Using A Soft Box

Using A Soft Box

Using A Soft Box

11:11 11 August in Blog, Photography Blog

Soft Box is undoubtedly one of the essential lighting modifiers in most every professional photographer’s toolkit. But why is it so vital? The answer lies in its adaptability for any style of shooting. Soft Box emits soft, even light appealing for fashion, product, portraiture, video, you name it. Let’s explore and learn more about what makes the Soft Box the most popular light modifier in the world.


A soft box is a term that describes an enclosure or “a box” that confines a light source from all sides and diffuses the emitted light from the front side.


Soft boxes are built of lightweight materials, come in all sizes, and are very portable. The lightweight box is made of translucent cloth, wrapped around a wire frame and attached to a light source, whether it is a studio strobe or speed light.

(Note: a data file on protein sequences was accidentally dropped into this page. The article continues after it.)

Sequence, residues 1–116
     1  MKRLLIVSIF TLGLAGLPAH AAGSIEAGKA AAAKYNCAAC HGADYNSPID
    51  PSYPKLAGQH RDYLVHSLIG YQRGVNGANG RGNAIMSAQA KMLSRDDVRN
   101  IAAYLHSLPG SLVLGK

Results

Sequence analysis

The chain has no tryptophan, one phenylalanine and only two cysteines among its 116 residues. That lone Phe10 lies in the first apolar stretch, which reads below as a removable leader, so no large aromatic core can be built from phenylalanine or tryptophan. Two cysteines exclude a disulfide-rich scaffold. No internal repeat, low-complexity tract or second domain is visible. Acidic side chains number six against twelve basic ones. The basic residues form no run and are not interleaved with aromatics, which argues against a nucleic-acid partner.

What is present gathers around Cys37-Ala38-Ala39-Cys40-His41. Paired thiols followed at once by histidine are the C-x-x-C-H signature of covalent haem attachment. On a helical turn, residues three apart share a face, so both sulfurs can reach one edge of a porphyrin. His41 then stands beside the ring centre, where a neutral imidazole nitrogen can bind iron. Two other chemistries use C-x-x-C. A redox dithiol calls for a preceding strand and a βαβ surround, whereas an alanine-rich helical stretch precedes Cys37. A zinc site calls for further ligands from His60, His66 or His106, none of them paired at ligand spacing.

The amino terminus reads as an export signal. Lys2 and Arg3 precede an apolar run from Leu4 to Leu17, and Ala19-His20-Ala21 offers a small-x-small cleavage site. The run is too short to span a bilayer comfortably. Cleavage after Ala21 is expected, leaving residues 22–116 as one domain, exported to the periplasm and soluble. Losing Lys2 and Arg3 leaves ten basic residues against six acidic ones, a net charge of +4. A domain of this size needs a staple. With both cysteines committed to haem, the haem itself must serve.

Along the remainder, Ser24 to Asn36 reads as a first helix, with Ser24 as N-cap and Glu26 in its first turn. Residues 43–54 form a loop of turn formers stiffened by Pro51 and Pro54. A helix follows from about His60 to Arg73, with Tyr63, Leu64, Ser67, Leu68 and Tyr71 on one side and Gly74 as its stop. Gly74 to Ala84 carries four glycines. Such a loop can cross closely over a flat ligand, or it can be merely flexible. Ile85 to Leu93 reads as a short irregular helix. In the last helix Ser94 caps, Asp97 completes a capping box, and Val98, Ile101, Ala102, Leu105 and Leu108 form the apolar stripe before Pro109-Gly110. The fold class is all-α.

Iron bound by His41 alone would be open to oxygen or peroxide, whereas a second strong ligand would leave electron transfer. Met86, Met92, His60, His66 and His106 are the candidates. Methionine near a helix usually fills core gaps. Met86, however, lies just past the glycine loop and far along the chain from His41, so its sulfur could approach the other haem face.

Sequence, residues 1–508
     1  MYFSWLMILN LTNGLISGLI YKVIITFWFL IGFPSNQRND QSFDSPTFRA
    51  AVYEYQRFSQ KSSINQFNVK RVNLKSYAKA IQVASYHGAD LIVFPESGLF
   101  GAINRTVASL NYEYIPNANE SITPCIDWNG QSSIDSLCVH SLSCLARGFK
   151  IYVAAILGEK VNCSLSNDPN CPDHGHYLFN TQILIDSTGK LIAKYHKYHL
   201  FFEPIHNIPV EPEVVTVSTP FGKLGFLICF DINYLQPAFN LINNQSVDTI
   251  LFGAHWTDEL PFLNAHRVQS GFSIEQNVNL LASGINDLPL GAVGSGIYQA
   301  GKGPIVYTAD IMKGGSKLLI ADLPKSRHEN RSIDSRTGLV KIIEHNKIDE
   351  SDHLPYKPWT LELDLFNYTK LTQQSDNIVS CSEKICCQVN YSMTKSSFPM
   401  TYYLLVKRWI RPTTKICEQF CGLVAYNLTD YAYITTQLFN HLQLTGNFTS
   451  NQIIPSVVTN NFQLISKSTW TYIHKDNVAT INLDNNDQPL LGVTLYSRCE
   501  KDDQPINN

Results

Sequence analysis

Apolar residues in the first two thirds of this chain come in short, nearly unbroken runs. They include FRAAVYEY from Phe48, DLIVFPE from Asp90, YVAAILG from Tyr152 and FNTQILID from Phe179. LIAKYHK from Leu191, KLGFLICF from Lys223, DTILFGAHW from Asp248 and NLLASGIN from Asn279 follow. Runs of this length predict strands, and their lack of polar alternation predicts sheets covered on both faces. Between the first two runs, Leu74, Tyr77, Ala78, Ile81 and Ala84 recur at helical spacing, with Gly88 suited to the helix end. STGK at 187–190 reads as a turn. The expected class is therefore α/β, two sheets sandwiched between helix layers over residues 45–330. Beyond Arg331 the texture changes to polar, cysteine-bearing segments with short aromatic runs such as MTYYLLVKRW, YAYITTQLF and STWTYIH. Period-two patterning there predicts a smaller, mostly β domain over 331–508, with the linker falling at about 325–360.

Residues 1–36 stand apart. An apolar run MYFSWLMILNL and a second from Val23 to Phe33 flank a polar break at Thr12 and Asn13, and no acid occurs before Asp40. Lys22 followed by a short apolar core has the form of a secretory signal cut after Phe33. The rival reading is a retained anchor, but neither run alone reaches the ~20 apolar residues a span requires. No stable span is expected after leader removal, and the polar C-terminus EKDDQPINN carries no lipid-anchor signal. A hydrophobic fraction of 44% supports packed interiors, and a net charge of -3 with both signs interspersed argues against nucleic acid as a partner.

Using a soft box / mechanics Using a soft box / mechanics Using a soft box / mechanics

The interior cloth is white or silver, while the exterior black cloth prevents light from spilling out. The light bounces around and scatters in all directions inside the box, and is then directed outward through a layer of diffusion material. The result is evenly distributed directional lighting that’s easy to control.


Early soft boxes were large plywood boxes with an open front and tracks along the top and bottom where various diffusion flats could be slid into place. These cumbersome fixtures were used by motion picture lighting directors to achieve soft lighting effects since 1915. Yet the first photographers  to design the modern soft box based on tent technology in 1979 were Gary Regester and Tom Frost.  Early photographers loved to use a soft box to imitate the beauty of north light, since the square soft box had close to exact soft light qualities that old photo studios would get from having a large north-facing window.

Using a soft box / historyUsing a soft box / history The photo on the left shows a studio with a huge North facing window. At the end of the 19th century and until 1930s almost every photo studio had such a window for shooting portraits. The photo of the boy on the right was taken exactly by such window. Notice how soft and smooth the light is.